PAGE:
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ORIGINAL ARTICLE  EPIDEMIOLOGY AND CLINICAL MEDICINE 

The Journal of Sports Medicine and Physical Fitness 2018 May;58(5):690-8

DOI: 10.23736/S0022-4707.17.06992-4

Copyright © 2017 EDIZIONI MINERVA MEDICA

language: English

Performance trends in individual medley events during FINA World Master Championships from 1986 to 2014

Pantelis T. NIKOLAIDIS 1 , Beat KNECHTLE 2, 3

1 Exercise Physiology Laboratory, Nikaia, Greece; 2 St. Gallen Health Center, St. Gallen, Switzerland; 3 Institute of Primary Care, University of Zurich, Zurich, Switzerland


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BACKGROUND: Performance trends during the last decades in elite individual medley swimmers are known, but not for age groups swimmers. Therefore, the aim of the present study was to examine participation and performance trends in age groups swimmers competing in FINA World Masters Championships (1986-2014) in individual 200-m and 400-m medley.
METHODS: We included all swimmers (6424 women, 7588 men) for each distance and age groups (25-29 to 95-99 years) in the analysis to avoid a selection bias by limiting to a fixed sample (e.g. the ten fastest). Changes in participation and changes in sex difference across editions were analyzed using linear regression models. Changes in performance across editions were analyzed using a mixed-effects regression model with finisher as random variable to consider finishers who completed several races. Sex, distance and calendar year were included as fixed variables. We also considered interaction effects between sex and distance. The men-to-women ratio was compared using a paired t-test.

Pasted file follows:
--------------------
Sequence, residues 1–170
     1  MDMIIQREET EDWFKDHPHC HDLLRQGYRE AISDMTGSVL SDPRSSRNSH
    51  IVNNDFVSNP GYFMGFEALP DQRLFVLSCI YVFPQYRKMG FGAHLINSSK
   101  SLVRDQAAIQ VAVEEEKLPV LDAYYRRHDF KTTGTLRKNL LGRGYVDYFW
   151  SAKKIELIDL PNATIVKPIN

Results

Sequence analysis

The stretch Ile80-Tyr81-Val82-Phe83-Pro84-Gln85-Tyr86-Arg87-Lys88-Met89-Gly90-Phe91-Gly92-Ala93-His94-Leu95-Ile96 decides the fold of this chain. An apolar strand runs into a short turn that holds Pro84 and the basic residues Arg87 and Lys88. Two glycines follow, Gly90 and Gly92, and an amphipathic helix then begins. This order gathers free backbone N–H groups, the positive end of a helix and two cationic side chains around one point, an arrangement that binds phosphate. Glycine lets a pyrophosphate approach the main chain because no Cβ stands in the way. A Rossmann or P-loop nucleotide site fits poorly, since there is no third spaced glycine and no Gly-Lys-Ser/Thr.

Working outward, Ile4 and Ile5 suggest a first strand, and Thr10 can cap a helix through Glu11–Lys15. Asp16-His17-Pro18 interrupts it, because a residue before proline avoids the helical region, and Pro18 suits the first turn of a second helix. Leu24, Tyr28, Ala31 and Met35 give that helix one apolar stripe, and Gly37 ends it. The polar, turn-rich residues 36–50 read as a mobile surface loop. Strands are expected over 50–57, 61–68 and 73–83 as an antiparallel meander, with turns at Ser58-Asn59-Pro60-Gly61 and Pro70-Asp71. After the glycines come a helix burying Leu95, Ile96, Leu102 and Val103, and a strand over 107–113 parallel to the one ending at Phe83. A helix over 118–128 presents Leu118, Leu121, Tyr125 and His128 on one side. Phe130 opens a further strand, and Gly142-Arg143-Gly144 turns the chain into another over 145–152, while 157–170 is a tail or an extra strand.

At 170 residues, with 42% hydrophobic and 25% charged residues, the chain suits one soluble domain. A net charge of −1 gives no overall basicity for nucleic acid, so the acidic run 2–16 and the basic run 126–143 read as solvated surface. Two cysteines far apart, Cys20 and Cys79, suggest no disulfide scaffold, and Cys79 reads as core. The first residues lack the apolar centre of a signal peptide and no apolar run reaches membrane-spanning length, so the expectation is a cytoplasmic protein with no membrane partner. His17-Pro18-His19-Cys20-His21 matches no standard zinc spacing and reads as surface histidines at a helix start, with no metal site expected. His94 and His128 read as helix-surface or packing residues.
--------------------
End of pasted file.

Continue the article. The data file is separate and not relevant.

RESULTS: In 200 m, the participation of women increased from 35-39 to 75-79 years and of men from 35-39 to 85-89 years (P<0.05). In 400 m, the participation of women increased from 50-54 to 75-79 years and of men from 60-64 to 85-89 years (P<0.05). From 25-29 to 90-94 years, women and men improved performance in both editions (P<0.05). Men were faster than women from 25-29 to 80-84 years (P<0.05), but not in 85-90 and 90-94 years. Sex and distance showed a significant interaction from 25-29 to 85-89 years (P<0.05), but not in 90-94 years. Women reduced the gap to men in 40-44 and 45-49 years in 200 m, and 40-44 years in 400 m (P<0.05).
CONCLUSIONS: In summary, the participation increased in older age groups (>35 years), women and men from 25-29 to 90-94 years improved, and men were faster than women from 25-29 to 80-84 years, but not from 85-89 to 90-94 years. These data suggest that master swimmers will continue to increase participation and improve performance in individual medley. The findings of the present study might help coaches and fitness trainers of medley swimmers to tailor their training programs considering the age of their swimmers.


KEY WORDS: Athletes - Swimming - Athletic performance - Sex characteristics - Aging

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